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This study points to the Civil War as the most significant event in American legal history. The basic principles of the postbellum legal order, believes the author, are so radically different from the Constitution of 1787 that they should be recognized as a second American Constitution, establishing a Second Republic.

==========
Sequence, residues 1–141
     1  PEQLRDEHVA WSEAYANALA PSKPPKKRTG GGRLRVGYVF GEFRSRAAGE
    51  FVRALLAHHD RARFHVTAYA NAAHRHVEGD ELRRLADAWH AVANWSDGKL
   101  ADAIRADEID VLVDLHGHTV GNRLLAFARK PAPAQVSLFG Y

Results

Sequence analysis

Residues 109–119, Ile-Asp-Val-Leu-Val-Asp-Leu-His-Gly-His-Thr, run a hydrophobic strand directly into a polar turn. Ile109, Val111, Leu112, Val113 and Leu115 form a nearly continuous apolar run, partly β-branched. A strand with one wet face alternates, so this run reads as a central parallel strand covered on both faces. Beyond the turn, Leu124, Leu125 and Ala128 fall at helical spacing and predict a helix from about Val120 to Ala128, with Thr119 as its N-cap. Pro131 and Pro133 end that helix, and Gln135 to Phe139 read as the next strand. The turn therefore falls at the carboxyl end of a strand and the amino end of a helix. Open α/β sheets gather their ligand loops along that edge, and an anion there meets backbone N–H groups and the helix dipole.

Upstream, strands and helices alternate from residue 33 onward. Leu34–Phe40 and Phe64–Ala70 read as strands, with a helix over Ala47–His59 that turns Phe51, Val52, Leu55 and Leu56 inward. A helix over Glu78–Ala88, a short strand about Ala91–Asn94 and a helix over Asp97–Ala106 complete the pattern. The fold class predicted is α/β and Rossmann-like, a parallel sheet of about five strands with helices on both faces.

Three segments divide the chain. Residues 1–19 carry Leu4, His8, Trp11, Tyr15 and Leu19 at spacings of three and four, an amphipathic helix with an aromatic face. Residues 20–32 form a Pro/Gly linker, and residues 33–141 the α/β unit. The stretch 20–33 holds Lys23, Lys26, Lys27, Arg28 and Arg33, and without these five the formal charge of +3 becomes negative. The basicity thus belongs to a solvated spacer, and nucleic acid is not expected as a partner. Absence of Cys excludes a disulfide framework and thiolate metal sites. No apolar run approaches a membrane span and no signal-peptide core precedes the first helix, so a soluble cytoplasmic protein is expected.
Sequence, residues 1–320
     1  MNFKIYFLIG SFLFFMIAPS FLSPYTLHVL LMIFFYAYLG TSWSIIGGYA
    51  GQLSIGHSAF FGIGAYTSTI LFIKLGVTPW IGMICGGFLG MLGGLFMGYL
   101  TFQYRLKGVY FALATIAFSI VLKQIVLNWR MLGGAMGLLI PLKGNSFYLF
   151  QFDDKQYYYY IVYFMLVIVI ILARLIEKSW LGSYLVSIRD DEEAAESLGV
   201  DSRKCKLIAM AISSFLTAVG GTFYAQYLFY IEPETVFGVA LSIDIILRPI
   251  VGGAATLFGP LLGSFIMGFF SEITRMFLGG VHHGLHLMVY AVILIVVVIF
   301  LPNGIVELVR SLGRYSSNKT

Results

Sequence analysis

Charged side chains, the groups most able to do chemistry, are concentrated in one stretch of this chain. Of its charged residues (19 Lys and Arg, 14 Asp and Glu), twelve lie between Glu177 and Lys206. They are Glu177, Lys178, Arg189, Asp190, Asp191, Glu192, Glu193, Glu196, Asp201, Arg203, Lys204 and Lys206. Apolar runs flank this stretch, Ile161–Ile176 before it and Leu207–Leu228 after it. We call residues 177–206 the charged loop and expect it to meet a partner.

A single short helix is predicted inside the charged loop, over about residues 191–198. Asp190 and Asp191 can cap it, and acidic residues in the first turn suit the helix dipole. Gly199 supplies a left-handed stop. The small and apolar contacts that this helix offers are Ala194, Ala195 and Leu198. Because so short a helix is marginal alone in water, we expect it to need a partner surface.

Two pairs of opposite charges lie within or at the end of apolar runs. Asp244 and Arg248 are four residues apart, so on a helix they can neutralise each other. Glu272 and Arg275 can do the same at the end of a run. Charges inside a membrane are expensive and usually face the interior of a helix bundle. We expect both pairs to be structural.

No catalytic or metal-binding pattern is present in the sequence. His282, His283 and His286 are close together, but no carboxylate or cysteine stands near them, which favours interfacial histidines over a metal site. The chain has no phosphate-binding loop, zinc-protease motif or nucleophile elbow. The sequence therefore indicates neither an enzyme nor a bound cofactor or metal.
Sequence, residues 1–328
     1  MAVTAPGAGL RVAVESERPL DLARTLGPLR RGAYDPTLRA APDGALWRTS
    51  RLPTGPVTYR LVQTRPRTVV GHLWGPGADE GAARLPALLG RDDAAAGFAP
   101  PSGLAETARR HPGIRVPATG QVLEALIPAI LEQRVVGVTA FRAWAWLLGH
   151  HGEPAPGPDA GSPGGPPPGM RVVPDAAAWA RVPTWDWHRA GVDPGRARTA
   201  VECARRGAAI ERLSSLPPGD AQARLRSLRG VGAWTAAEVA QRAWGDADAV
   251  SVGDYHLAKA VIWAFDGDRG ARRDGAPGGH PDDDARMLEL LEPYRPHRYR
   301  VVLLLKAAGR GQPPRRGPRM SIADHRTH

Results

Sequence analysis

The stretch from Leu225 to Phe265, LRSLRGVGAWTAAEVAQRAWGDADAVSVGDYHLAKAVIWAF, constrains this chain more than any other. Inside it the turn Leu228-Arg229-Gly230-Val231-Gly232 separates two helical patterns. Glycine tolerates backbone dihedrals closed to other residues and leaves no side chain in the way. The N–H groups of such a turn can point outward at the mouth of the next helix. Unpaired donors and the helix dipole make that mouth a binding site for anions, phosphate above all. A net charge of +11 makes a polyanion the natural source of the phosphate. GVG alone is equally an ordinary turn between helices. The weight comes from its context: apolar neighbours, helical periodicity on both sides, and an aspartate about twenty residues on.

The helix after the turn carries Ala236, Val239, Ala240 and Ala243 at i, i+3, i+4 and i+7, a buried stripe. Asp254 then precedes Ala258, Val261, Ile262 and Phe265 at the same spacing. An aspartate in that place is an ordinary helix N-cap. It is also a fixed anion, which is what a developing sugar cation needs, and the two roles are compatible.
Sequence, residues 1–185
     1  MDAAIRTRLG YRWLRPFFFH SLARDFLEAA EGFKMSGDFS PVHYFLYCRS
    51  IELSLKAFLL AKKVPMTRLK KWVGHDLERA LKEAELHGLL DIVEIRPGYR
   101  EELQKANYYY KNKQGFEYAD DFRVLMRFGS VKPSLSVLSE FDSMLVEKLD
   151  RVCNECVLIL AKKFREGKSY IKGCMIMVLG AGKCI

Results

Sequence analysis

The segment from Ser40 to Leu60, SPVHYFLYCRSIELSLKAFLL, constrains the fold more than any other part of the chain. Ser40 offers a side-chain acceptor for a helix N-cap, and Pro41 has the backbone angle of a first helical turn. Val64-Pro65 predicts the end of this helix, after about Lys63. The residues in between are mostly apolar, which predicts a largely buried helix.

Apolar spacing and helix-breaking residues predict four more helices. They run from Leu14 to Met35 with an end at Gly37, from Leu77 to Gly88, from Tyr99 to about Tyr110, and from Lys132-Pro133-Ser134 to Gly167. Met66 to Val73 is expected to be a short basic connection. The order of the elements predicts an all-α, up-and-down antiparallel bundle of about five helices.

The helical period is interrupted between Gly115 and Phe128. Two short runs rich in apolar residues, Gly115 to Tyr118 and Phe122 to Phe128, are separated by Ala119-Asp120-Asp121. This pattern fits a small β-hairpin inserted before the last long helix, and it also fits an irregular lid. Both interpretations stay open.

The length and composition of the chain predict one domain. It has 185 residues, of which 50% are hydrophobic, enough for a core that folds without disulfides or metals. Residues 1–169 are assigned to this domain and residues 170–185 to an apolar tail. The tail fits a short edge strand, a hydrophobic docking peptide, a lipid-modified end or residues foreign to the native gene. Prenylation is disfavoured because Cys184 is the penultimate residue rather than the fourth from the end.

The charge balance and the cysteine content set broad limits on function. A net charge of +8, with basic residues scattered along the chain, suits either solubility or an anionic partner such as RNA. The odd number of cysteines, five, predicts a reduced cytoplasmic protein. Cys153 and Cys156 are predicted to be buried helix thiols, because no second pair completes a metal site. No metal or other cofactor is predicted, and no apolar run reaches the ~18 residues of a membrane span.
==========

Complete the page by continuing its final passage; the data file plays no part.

The first Constitution was based on the principles of peoplehood as a voluntary association, individual freedom, and a republican elitism. The guiding premises of the second Constitution - as articulated in Lincoln's visionary address at Gettysburg and enacted in the 13th, 14th, and 15th Amendments - were in contrast, organic nationhood, equality of all persons, and popular democracy. Thus, although we may yearn for continuity with 1787, in fact our values, commitments, and aspirations for America have radically changed. By finally recognizing our radical discontinuity with the first Republic, says Fletcher, we can put an end to debilitating arguments about the Founders' intent and consciously and energetically pursue the full implications of our true beliefs about what America should and can become.